The Medicines and Healthcare products Regulatory Agency (MHRA) is calling for information that will help establish whether there is a link between the hormonal pregnancy test used in the 1960s and 1970s and birth defects.
In 1967, evidence began emerging that the test might be associated with congenital abnormalities and the product was withdrawn in 1978. Since then, many of the affected children and families have campaigned for justice. However, proving that the test is the cause of birth defects has not been straightforward.
In October 2014, the UK government committed to a review to establish whether there is grounds for accepting a link. As part of this review, the UK medicines regulator, the MHRA, is asking that individuals and organisations submit information that they feel is relevant. An outcome is expected in early 2016.
A previous review of the evidence was conducted in March 2014 by the MHRA. It concluded that there is insufficient evidence that the hormonal pregnancy test is definitely associated with birth defects. However, most of the 36 studies that were analysed were conducted 20–40 years ago and the MHRA notes that data are of poor quality.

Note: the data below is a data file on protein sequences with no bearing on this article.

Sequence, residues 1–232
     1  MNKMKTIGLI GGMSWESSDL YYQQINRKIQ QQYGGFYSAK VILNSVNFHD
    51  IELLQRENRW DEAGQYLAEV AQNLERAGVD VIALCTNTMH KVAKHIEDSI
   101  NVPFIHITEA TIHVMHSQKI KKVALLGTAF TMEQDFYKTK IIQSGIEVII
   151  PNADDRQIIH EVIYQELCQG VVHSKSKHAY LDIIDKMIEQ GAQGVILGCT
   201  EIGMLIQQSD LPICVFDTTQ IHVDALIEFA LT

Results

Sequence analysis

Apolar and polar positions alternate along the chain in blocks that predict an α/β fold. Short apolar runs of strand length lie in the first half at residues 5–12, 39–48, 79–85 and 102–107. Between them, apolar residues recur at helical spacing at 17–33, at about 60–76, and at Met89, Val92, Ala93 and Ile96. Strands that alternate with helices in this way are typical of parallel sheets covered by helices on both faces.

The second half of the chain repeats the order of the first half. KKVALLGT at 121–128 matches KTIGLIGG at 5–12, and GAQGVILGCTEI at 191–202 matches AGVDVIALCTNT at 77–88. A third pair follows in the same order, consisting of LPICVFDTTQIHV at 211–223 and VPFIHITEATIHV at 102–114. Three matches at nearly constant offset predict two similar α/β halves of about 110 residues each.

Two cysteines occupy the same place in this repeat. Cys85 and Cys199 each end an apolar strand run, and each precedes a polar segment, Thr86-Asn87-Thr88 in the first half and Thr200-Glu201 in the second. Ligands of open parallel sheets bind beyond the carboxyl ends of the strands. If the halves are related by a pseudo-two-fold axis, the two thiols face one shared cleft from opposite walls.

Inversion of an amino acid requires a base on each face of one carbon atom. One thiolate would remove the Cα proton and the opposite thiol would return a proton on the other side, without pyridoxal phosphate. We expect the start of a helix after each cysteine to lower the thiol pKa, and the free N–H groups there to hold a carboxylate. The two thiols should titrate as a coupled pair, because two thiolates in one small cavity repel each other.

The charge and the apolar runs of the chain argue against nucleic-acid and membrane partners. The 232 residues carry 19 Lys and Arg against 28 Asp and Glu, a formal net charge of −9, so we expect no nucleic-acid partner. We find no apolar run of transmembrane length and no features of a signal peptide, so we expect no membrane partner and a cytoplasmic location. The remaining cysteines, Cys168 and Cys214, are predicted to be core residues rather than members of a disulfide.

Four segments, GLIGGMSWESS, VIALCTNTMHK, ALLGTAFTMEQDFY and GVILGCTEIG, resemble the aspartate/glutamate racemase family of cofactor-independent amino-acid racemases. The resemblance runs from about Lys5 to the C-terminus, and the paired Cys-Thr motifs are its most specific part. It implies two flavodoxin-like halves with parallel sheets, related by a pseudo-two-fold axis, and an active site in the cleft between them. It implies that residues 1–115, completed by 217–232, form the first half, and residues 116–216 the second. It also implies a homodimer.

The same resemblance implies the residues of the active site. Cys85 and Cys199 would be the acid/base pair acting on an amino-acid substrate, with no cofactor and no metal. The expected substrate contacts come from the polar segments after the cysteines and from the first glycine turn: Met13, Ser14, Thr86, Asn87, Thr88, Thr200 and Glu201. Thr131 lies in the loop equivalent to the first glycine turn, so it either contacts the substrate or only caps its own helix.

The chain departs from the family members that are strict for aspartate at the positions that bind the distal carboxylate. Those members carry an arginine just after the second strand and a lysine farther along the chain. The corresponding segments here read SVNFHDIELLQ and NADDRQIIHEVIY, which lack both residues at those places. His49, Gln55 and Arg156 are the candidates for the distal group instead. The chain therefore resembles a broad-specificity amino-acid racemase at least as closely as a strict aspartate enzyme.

The hormonal pregnancy test consisted of two pills, one containing norethisterone acetate 10mg and the other ethinylestradiol (0.02mg). The pills were designed to indicate if a woman was not pregnant by inducing menstruation. One of the products was called Primodos, manufactured by Schering (now called Bayer). These tests have since been replaced by tests that measure hormones in the urine.